9 Things to Do in Jackson Hole, Wyoming in the Winter

February 19, 2021


Jackson Hole winter travel guide: here's everything you need to know about things to do in Jackson Hole in the winter, from hot springs to Grand Teton National Park.

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Snow-capped mountains. Alpine forests. Turquoise hot springs. Horse-drawn sleighs. The snowy, remote valley of Jackson Hole, Wyoming sits at the base of Grand Teton National Park, with Yellowstone National Park neighboring just an hour to the north. Visiting Jackson Hole in the winter is like stepping into a mountain-filled snow globe, complete with cozy lodges, awe-inspiring wildlife, and some of the world’s best skiing and winter sports. Snowboarding, ice skating, and sleigh riding in the clear, crisp air of Grand Tetons… yes, please!

But Jackson Hole is more than just a magical mountain ski town; it’s also filled with majestic elk, wildlife-inspired art, and craft breweries, for instance. We tapped an insider to give us the scoop on Jackson Hole in the winter. Take it away, Emily!


First things first – Jackson, or Jackson Hole? You may have been asking yourself this question, and if so, you’re not alone. Jackson Hole refers to the valley in which the town of Jackson sits. Early settlers used the word “Hole” to refer to a valley surrounded by mountains on all sides. 

Due its remoteness and harsh weather, Jackson was only settled by European Americans because of the Homestead Act of 1862, which essentially gave free land to anyone willing to build some stuff and use it for something for a few years.

But the richness of animal and plant resources, as well as the stark beauty of the natural features, have been attracting people here for thousands of years. Indigenous peoples such as the Eastern Shoshone, Bannock, Blackfeet, Nez Perce, and A’aninin nations have been traveling through the valley since the last glaciers receded roughly ten thousand years ago.

Ever since Grand Teton National Park was established in the late 1920’s – a close neighbor to Yellowstone National Park, the very first National Park in the country – this once quiet valley now attracts visitors from all over the world. So pack your warmest socks and your coziest sweaters, and read on for 9 unbelievable things to do in Jackson Hole, Wyoming in the winter!

Psst: Planning a trip out West? Here are some other posts about nearby destinations that you might find helpful:

The Million Dollar Cowboy Bar in
The Million Dollar Cowboy Bar in “downtown” Jackson Hole, Wyoming – right across from the famous elk antler arch!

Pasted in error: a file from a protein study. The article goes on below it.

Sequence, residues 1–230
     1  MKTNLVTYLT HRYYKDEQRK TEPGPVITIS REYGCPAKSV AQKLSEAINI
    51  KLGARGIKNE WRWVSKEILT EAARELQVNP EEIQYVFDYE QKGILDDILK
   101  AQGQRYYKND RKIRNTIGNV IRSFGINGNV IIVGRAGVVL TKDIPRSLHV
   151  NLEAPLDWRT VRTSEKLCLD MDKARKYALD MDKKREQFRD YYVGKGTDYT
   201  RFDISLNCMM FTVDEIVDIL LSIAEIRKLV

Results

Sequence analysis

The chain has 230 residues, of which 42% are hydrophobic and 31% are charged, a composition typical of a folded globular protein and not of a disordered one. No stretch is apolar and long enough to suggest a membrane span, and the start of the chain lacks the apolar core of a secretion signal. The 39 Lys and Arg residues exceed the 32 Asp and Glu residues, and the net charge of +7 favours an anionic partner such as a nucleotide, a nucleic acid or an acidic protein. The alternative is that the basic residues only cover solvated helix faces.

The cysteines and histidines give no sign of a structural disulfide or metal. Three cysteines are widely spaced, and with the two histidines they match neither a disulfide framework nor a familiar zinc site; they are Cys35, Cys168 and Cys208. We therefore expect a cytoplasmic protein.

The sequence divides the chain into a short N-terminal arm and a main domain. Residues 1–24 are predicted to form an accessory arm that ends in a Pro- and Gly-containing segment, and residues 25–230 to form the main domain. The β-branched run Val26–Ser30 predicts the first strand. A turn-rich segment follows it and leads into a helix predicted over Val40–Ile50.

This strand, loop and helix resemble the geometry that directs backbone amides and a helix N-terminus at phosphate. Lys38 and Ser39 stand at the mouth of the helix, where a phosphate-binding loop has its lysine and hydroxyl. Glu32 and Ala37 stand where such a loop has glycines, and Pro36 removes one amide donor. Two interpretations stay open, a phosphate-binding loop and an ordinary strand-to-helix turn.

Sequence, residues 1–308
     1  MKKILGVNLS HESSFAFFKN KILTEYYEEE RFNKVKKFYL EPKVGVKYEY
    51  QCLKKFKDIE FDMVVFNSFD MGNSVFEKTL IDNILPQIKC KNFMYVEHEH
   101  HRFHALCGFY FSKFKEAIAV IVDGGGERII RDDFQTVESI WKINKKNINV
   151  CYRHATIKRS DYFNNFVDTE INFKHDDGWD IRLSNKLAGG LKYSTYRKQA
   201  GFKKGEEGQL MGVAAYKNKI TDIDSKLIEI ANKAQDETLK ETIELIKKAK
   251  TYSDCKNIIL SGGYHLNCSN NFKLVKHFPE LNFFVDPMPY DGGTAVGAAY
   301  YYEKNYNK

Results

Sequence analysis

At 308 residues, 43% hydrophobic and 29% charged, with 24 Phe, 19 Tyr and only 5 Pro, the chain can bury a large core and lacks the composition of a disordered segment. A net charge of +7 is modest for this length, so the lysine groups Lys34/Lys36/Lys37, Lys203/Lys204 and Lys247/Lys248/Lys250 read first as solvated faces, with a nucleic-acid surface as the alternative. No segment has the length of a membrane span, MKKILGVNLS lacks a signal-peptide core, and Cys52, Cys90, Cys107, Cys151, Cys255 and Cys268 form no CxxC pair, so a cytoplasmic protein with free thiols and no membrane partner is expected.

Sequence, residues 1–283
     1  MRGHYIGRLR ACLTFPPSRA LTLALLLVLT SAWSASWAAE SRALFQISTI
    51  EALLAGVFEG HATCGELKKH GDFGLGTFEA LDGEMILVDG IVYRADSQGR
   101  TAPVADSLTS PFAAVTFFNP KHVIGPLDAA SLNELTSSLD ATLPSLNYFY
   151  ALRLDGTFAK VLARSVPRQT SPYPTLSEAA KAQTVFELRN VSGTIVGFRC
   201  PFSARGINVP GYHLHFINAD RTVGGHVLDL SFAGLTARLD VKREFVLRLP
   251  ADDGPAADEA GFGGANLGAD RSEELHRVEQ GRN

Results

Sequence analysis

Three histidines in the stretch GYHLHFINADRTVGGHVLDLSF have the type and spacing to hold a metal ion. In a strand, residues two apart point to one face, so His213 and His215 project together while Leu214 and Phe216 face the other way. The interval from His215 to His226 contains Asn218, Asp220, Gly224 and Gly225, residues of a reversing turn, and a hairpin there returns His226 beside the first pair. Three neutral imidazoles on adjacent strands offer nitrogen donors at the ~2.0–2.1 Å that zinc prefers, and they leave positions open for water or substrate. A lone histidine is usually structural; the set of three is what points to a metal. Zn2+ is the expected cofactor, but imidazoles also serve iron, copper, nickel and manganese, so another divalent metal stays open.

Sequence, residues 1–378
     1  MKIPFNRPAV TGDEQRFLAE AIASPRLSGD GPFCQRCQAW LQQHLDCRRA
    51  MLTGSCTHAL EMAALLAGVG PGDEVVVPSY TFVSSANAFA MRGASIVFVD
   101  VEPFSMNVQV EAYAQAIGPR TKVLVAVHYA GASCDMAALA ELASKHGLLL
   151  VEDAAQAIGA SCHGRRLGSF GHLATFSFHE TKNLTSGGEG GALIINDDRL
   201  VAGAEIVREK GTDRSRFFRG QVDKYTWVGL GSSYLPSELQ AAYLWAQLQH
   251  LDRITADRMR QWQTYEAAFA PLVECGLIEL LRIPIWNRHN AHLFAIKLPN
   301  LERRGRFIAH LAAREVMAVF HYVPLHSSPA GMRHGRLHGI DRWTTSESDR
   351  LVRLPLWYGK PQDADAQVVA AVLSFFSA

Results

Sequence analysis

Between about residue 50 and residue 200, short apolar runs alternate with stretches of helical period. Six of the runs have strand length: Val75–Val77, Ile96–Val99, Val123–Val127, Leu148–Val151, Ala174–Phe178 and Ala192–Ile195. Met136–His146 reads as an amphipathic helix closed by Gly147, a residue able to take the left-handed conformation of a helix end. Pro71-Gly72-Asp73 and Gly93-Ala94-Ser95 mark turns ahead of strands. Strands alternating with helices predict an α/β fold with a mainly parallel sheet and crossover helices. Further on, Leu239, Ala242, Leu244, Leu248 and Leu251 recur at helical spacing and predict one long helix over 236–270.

Jackson Hole in Winter Travel Tips

With a little bit of preparation and flexibility, traveling to Jackson Hole in the winter should be pretty straightforward. Read the following tips so you can best enjoy safe (and warm) travels.

When should I visit Jackson Hole in the winter?

Although winter temperatures (and sometimes snow) last from October until April, a trip in January, February, or March will allow you to take full advantage of reliable snow and winter activities.

By traveling between January and March, you’ll be avoiding Jackson’s main tourist seasons in summer. The winter tourist season begins around the holidays in December and tapers off in March or early April. And while both summer and winter are fantastic times to visit, winter is definitely the quieter option. 

But off season means even fewer crowds – and lower prices. That said, there are certain months which have distinct advantages. October and November are cold and often snowy, but without the festivity that true winter brings. You’ll get the best Jackson Hole in the winter experience in January, February, and March.

How cold is it?

If you’re seeking snow and wintry weather, good news: Jackson Hole gets nice and cold in the winter, with average low temperatures from December through February in the single digits and with highs in the 20s and 30s.

Jackson Hole winters typically bring a lot of snow, but can also surprise you with intermittent, brilliantly sunny days. So don’t forget to bring sunscreen and sunglasses – sunlight reflecting off of the snow can be intense!

Can I visit Yellowstone National Park from Jackson Hole in the winter?

Unfortunately, it’s not very easy to do. The only way to get into Yellowstone in the winter from Jackson is on a snowcoach or snowmobile. I can’t speak for the snowmobile tours, but snowcoach tours are 12+ hours and, in my experience, less focused on wildlife.

Save a winter visit to Yellowstone for another time and focus on enjoying Grand Teton National Park instead!

View from the airplane window while arriving in Jackson Hole, WY.
Flying directly into Jackson Hole is well worth it – it’s both safer and easier. Plus, look at the view from the window seat!

How to get to Jackson Hole in the winter?

In the winter, the cost of flying directly to Jackson Hole is well worth it. You might be tempted to get a cheaper flight to Salt Lake City and drive the rest of the way to Jackson, but you just never know when an avalanche or blizzard is going to close down a highway.

Play it safe and fly into Jackson Hole Airport – plus, the view on a clear day is an unforgettable bonus. 

From the airport you can get a shuttle or taxi into town or pick up a rental car. 

Do I need a rental car?